Remember earlier how I said you could spend
mastering the art of capturing audio? As with any specialized field, you could also spend a
on microphones and audio equipment. The good news is that you can also spend around $20 at Radio Shack and get what you need. Since it's
tens of thousands of dollars on microphones to use with a $500 camcorder, I'm going to stick with a few realistic options.
A simple and portable solution is to purchase a lavalier microphone (
). It clips to your subject's shirt or tie, and often has a small battery-
, making it a condenser mic, which is how your camcorder's documentation refers to it.
Figure 5.3. A simple clip-on lavalier microphone can greatly increase the quality of your recorded audio.
Directional microphones come in a number of
and sizes, and are built to pick up sound in some areas and not others. For example, cardioid microphones minimize sound coming from the sides and block sound from behind.
A shotgun mic, like the ones found on higher-end camcorders (
), picks up audio only in front of the camera (or whatever the mic is pointed at) while ignoring sound from behind the mic (therefore reducing the
of recording camera noise).
Figure 5.4. Higher-end digital camcorders are outfitted with directional microphones that aren't as likely to pick up camera (or camera operator) noise.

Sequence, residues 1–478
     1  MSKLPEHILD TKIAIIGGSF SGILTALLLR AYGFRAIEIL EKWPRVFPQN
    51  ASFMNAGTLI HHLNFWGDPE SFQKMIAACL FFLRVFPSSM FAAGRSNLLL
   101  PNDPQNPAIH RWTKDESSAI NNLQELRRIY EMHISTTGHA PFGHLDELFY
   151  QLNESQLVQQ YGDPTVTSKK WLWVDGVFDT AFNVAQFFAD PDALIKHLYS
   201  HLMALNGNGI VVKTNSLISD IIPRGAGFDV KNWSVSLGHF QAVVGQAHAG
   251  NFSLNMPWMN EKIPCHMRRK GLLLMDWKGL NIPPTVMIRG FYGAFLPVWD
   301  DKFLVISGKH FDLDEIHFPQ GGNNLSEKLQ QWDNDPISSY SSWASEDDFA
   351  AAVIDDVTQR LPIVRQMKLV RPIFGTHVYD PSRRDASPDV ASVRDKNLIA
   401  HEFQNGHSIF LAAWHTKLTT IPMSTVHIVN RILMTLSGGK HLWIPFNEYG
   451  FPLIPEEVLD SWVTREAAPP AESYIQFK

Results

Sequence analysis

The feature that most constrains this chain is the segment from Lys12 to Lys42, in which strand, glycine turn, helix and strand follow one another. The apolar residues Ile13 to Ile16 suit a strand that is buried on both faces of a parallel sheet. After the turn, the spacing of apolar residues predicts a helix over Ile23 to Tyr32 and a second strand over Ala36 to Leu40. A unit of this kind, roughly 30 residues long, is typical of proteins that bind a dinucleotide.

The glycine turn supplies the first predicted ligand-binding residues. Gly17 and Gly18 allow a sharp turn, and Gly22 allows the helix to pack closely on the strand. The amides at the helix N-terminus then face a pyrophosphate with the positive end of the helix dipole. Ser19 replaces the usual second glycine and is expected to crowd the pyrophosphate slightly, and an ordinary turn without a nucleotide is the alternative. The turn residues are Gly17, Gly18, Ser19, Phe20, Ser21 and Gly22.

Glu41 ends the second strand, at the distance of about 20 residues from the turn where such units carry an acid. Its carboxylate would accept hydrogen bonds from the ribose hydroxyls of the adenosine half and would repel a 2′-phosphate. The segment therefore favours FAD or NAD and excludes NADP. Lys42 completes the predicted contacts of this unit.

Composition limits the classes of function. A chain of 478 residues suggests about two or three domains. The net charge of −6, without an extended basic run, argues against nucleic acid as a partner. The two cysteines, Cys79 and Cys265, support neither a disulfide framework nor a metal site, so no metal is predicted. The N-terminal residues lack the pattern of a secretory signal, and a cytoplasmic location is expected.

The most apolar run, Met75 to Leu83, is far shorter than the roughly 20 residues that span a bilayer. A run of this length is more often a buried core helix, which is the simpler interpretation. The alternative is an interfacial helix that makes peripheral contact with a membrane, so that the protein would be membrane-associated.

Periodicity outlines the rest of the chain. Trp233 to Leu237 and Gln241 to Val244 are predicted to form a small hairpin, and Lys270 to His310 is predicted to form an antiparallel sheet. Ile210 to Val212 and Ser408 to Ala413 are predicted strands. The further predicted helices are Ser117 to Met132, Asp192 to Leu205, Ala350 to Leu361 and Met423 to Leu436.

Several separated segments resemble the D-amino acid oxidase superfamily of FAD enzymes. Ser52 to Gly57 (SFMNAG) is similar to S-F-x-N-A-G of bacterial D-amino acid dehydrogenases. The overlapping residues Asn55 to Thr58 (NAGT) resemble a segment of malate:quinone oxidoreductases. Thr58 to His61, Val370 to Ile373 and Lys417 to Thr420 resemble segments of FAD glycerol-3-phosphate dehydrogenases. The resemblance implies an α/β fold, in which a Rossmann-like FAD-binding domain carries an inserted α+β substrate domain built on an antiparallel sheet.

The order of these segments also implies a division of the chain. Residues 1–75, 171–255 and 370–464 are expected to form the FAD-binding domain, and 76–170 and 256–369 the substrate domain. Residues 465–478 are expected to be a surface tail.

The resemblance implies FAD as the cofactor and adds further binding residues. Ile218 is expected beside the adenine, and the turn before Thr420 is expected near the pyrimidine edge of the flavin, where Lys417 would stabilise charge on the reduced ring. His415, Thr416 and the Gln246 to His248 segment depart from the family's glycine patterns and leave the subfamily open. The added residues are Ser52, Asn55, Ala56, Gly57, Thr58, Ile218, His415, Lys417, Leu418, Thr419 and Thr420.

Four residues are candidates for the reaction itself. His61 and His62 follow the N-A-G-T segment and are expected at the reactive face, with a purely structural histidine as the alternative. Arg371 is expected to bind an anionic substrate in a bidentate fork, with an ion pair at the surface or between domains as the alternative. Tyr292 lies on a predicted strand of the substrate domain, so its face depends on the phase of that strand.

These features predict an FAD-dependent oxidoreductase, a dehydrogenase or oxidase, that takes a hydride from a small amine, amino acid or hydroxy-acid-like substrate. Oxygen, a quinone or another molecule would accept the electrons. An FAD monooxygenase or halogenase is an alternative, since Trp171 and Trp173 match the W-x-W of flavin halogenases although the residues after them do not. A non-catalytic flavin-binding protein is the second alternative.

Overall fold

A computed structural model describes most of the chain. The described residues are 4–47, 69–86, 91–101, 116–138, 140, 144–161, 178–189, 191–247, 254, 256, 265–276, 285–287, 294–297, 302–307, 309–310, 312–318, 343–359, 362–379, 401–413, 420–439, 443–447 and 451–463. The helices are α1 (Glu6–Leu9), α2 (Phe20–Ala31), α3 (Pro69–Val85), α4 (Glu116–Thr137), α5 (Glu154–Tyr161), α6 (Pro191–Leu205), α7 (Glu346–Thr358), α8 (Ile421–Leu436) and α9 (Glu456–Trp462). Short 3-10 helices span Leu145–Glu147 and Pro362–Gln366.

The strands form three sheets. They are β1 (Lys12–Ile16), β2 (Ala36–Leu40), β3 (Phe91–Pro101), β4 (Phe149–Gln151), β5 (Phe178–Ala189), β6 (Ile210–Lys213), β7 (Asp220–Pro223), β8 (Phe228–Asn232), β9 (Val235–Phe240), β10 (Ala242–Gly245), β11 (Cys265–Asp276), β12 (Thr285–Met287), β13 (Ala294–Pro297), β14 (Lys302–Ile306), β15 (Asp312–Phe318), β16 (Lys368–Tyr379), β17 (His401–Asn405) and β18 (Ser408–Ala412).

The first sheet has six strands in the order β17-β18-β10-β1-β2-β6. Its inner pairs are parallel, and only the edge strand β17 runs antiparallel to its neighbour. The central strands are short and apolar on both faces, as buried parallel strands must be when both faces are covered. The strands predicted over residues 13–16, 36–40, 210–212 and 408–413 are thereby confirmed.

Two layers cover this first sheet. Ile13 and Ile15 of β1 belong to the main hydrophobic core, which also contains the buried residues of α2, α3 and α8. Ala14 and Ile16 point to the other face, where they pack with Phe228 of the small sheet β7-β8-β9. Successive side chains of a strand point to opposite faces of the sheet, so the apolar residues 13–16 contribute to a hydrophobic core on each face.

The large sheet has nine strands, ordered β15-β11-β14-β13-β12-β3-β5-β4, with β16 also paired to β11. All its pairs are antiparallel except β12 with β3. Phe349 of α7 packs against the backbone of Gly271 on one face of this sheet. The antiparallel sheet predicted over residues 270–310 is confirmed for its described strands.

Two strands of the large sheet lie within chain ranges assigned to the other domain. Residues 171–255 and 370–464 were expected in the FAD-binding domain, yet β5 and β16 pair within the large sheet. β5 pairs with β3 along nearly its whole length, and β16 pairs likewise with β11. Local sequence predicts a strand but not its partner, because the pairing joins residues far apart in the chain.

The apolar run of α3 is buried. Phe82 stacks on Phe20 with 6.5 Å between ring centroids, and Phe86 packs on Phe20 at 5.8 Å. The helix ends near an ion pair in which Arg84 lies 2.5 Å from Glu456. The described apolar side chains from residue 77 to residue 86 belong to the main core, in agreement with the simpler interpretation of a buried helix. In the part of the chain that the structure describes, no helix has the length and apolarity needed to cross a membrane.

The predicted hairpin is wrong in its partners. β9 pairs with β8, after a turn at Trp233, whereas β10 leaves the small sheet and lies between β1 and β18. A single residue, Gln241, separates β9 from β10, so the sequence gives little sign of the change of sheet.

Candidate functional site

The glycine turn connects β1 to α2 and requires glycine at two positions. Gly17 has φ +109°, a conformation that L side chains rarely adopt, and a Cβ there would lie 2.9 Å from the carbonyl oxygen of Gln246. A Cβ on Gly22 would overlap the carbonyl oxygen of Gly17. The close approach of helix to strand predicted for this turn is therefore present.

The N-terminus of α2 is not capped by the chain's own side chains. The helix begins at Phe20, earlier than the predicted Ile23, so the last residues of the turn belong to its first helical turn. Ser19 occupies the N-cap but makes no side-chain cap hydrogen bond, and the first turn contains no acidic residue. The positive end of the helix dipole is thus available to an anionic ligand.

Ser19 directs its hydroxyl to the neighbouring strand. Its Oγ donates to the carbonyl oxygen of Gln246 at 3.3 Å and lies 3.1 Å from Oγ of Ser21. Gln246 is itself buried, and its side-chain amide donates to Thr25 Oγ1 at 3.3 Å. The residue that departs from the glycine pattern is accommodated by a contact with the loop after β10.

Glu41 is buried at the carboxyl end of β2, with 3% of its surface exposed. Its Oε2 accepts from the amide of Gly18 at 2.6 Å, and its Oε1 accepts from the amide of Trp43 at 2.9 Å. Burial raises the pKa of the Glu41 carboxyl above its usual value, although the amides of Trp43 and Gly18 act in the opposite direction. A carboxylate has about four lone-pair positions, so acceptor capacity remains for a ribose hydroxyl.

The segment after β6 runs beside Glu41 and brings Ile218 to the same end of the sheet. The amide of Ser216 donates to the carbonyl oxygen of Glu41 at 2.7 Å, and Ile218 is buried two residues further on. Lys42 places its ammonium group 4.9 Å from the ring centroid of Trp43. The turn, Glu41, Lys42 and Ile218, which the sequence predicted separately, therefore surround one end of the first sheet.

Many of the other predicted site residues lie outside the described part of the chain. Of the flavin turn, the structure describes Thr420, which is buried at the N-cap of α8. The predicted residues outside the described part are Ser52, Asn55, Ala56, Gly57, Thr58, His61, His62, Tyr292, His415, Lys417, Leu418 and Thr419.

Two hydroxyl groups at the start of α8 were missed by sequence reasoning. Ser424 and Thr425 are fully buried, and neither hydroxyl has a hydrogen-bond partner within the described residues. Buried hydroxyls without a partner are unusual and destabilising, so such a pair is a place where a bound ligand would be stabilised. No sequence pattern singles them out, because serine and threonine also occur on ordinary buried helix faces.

An omnidirectional microphone, on the other hand, picks up sound from all sides and is good to use when you're not focused on any one particular subject.
Wireless microphones also come in a variety of shapes and sizes, but aren't tied to an audio cable that
back to the camcorder. They're portable, allowing you more freedom to shoot your video while moving, or from
in the room. The biggest drawback to using a wireless mic is that it's more likely to pick up interference from other radio sources, so be sure to test the output before you start
, and use headphones to monitor the recording while shooting.
Check your camcorder's specifications for attaching external microphones. Some require that the mic is amplified, calling for an external power source. Other
can use the camcorder's battery to provide power.
If you don't entirely trust your camcorder's mic, or just want to be sure you have a backup source of audio, consider purchasing a MiniDisc recorder so you can make an additional recording of a scene's audio while you're filming. It stores audio digitally, which you can import into iMovie and add to your movie, or use in place of audio that didn't record clearly (due to the placement of the microphone, for example). Another option, if your audio doesn't need to be at high quality, is to use a Belkin voice recorder (
) attached to an iPod.
If you're dubbing dialogue, you may have to break the audio into several clips in iMovie and synchronize the timing often, but that's a better solution than trying to re-create the original shoot. See Chapter 10 for more on editing audio.